The Benefits of Collaboration

First of all – Success! I submitted a post to Media Bistro’s blog, We the ‘Bistro and had it posted. While it’s not content I’ll get paid for, it is already having more of an impact than the ezine article did – I can actually see several people in my wordpress traffic info who have come to my blog directly from the Media Bistro post.

I’ve also added this, my ezine article and my online resume to my portfolio. Check them out!

Now, onto our topic if the day: Collaboration.

A topic Parker discusses in Chapter 2 is the importance of collaboration. No one writer can do all things. No one person can.

Instead, Parker advocates setting up mutually beneficial relationships – with PR personnel, web designers, graphic designers, marketing companies, etc etc. Those companies can pass work onto you/me/the writer when they need content created and you/me/the writer can pass design work or PR work on to them when it comes our way.

Not only does is this a great source of new leads for each of the parties involved, but it means you don’t have to tell a client “no” or send them looking for someone else just because they need a service you don’t specifically cover. In the chapter, Parker discusses the advantages and disadvantages of subcontracting or keeping the different services separate.

As someone who has dabbled a little in a lot, and not much in anything other than writing, networking this way seemed ideal to me. I already know a few people who seemed like perfect fits – I know a PR person who I’ve already recommended one client talk to, and I know a few designers. My biggest concern, however, is that I am not currently set up to subcontract out work. I hope to be soon, but I’m not yet, so I’d like to keep all invoicing separate and have each of my “partners” work directly with my clients. Parker also mentions that the “formality” of the agreement (ie. written or verbal) is up to the partners involved.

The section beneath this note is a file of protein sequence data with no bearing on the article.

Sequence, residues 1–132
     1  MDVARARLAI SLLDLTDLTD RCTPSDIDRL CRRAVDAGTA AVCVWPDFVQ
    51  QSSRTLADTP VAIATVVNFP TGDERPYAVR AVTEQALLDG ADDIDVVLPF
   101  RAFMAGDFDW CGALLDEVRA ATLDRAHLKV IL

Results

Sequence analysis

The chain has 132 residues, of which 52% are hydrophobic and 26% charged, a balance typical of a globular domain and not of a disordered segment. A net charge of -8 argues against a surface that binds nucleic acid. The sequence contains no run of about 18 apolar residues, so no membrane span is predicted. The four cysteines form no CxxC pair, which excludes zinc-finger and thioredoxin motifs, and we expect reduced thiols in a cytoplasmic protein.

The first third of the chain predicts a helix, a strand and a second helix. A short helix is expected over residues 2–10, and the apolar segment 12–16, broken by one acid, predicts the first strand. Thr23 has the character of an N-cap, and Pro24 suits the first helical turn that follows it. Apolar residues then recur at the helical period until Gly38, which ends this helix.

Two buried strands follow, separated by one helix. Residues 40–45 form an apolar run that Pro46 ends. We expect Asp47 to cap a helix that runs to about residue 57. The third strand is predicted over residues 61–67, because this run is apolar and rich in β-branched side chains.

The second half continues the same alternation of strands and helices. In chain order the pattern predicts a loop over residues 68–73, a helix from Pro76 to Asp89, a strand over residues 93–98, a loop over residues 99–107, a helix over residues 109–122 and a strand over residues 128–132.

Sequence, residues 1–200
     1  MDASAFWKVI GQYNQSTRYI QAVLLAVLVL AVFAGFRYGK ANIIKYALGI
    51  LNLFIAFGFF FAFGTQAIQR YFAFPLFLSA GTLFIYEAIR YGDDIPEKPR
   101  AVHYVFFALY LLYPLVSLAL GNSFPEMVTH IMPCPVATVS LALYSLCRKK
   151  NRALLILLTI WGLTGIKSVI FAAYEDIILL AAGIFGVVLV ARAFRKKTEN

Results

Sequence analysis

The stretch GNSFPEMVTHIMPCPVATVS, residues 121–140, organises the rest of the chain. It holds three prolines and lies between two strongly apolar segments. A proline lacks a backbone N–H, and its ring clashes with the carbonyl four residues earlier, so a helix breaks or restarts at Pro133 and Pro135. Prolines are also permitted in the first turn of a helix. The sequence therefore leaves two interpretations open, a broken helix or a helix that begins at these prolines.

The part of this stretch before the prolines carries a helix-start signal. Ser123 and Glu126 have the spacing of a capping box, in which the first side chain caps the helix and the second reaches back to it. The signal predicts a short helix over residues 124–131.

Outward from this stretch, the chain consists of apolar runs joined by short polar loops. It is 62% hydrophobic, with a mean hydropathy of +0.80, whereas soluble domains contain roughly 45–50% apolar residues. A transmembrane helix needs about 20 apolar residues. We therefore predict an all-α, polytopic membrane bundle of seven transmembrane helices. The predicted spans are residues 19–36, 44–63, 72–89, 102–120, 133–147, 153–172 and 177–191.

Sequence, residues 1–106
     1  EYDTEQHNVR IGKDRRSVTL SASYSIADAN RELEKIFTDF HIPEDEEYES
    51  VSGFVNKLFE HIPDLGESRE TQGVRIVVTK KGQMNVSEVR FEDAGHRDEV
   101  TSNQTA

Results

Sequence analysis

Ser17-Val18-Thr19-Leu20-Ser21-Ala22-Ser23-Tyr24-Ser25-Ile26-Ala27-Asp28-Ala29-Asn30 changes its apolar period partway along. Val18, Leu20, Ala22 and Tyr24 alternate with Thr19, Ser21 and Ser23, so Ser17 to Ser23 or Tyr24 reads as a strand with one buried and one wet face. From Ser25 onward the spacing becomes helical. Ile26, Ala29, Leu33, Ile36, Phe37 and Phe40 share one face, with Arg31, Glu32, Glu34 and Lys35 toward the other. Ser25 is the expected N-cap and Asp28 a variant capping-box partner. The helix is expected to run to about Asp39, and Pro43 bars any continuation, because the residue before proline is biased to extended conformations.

In my case, I like there to be a written agreement, even if it’s not officially legally binding, just so that I know we’re both on the same page (literally). That way, we each know exactly what we’re responsible for and what role we will play with “our” clients.

I’m currently working to set up a few different partnerships with other professionals – at the moment I’m discussing some ideas with a web designer, need to get back in touch with someone in graphic design that I haven’t talked to in a while, and am checking out some new graphic designers. My hope is that I’ll have a small stable of people to call on, according to my clients’ needs and what is most appropriate for the project at hand.

Parkers’ other word of advice on this topic was slightly more surprising – she recommends working with your competition… well to a small extent. The idea here is that if something happens and 1) you have more work than you can handle or 2) an emergency arises and you can’t finish a project or projects that you’ve taken on you’ll have someone whose work you are familiar with and who you are comfortable passing work onto – and again, they can do the same with you.

Some points to take away:
– Networking is a great way to set up mutually beneficial relationships
– Those relationships can be a source of leads and new clients
– They also ensure that you don’t have to turn a client away or lose a client because you can’t meet all his or her needs
– Writers should decided ahead of time how their partnership will work : sub-contracting or as separate services
– Engage your competition too! You may need them in the case of an emergency.
– Decide if you are comfortable have a verbal agreement or if you need a written contract; in either case discuss
responsibilities and who will be dealing directly with the client(s).

(PS. Let me know what you think about the “points to take away!” If it’s useful, I’ll try to do it regularly)

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